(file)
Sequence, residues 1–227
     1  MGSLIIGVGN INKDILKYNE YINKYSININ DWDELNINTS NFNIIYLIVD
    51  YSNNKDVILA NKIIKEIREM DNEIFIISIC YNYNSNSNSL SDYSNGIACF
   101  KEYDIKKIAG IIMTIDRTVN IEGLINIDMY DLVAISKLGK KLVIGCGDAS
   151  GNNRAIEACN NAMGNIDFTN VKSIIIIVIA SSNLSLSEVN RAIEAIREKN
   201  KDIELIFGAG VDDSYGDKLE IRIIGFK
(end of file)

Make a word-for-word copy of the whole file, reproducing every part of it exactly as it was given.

Sequence, residues 1–227
     1  MGSLIIGVGN INKDILKYNE YINKYSININ DWDELNINTS NFNIIYLIVD
    51  YSNNKDVILA NKIIKEIREM DNEIFIISIC YNYNSNSNSL SDYSNGIACF
   101  KEYDIKKIAG IIMTIDRTVN IEGLINIDMY DLVAISKLGK KLVIGCGDAS
   151  GNNRAIEACN NAMGNIDFTN VKSIIIIVIA SSNLSLSEVN RAIEAIREKN
   201  KDIELIFGAG VDDSYGDKLE IRIIGFK